Henrik Ibsen's life

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Loyalty, duty, obligation. These are only some of the social

laws that Henrik Ibsen wrote out against in his later works. Ibsen believed

that these bourgeois beliefs were hindering the individual's, as well as the

nation's, realization of the self. To Ibsen, it was far more important to

have the freedom to express oneself than to adhere to outdated,

conventional ideas. In "A Doll House" and "Ghosts", both heroines are

forced to confront these social hindrances. Both women attempt to

overcome these powerful restraints in their attempts to find themselves,

one more successfully than the other.

"Ibsen's effect on his contemporaries and his influence on the

course of modern drama were immediate and profound".1 More than any

other dramatist, he gave theater a new vitality by bringing into European

bourgeois drama an ethical gravity, a psychological depth, and a social

significance which the theater had lacked since the days of Shakespeare.

For the better part of fifty years, Ibsen contributed to giving European

drama a vitality and artistic quality comparable to the ancient Greek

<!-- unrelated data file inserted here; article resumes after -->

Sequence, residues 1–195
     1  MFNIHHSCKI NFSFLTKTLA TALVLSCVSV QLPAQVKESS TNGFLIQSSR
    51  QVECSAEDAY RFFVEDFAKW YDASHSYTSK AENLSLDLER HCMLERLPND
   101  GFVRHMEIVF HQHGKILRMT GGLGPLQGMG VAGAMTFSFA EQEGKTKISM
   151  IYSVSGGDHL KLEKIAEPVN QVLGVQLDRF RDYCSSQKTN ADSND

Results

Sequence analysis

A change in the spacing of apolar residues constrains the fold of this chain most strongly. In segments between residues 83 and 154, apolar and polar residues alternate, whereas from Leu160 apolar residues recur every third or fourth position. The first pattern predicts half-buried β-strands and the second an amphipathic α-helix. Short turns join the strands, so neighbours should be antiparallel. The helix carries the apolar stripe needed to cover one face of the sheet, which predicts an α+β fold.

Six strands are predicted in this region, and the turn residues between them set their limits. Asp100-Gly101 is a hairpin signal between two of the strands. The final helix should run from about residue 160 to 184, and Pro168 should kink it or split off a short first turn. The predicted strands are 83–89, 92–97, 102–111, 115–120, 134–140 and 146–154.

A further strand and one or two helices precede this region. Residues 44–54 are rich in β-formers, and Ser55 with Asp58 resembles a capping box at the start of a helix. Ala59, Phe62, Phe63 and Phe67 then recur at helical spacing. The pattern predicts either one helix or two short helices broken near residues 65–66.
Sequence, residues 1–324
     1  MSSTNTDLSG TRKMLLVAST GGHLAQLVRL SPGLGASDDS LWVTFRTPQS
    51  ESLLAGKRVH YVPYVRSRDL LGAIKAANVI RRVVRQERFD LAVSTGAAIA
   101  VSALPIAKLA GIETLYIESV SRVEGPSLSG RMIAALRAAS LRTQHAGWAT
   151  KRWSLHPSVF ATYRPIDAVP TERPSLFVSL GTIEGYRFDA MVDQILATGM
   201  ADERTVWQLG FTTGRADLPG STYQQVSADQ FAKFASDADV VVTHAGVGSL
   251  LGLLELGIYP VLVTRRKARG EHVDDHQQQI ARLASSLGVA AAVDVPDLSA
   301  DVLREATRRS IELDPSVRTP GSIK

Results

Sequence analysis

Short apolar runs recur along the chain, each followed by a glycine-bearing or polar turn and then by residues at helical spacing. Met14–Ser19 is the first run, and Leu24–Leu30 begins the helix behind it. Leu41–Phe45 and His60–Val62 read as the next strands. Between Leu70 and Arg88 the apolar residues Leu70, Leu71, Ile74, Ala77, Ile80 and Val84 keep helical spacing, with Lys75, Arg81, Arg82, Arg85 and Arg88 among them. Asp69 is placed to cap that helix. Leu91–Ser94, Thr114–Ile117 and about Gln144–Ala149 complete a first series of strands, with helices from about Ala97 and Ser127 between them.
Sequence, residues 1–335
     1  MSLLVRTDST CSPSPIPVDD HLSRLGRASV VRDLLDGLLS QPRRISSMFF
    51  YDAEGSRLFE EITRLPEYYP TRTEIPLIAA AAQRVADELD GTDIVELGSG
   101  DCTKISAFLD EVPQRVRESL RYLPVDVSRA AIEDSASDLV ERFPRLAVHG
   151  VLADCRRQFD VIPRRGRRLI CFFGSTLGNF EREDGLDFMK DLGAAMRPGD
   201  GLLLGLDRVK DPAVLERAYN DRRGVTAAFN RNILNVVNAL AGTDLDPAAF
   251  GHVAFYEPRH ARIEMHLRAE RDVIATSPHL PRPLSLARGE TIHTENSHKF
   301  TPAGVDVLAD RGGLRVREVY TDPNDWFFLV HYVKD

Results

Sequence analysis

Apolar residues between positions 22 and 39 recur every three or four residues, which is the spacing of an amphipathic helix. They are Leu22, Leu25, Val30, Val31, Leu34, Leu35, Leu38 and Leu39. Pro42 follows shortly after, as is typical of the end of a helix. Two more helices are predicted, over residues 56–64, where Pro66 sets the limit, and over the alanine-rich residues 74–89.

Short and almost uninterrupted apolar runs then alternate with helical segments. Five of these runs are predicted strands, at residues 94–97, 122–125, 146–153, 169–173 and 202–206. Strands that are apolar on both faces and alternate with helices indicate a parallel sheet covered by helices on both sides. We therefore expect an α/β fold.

tragedies. This contribution to theatrical history gained for Ibsen the

reputation of being the greatest and most influential dramatist of his time.

He "gave the stage its first distinctively modern characters:

complex, contradictory individuals driven by a desire for something - the

'joy of life', a sense of themselves - that they can barely recognize or

name".2 His realistic contemporary drama was a continuation of the

European tradition of tragic plays.

In these plays he portrays ordinary middle class people of his

day. Routines, and schedules usually taken for granted, are suddenly

turned upside down as they are forced to confront a major crisis. Nora, in

"A Doll House", must finally confess to her husband that she borrowed

money illegally in a...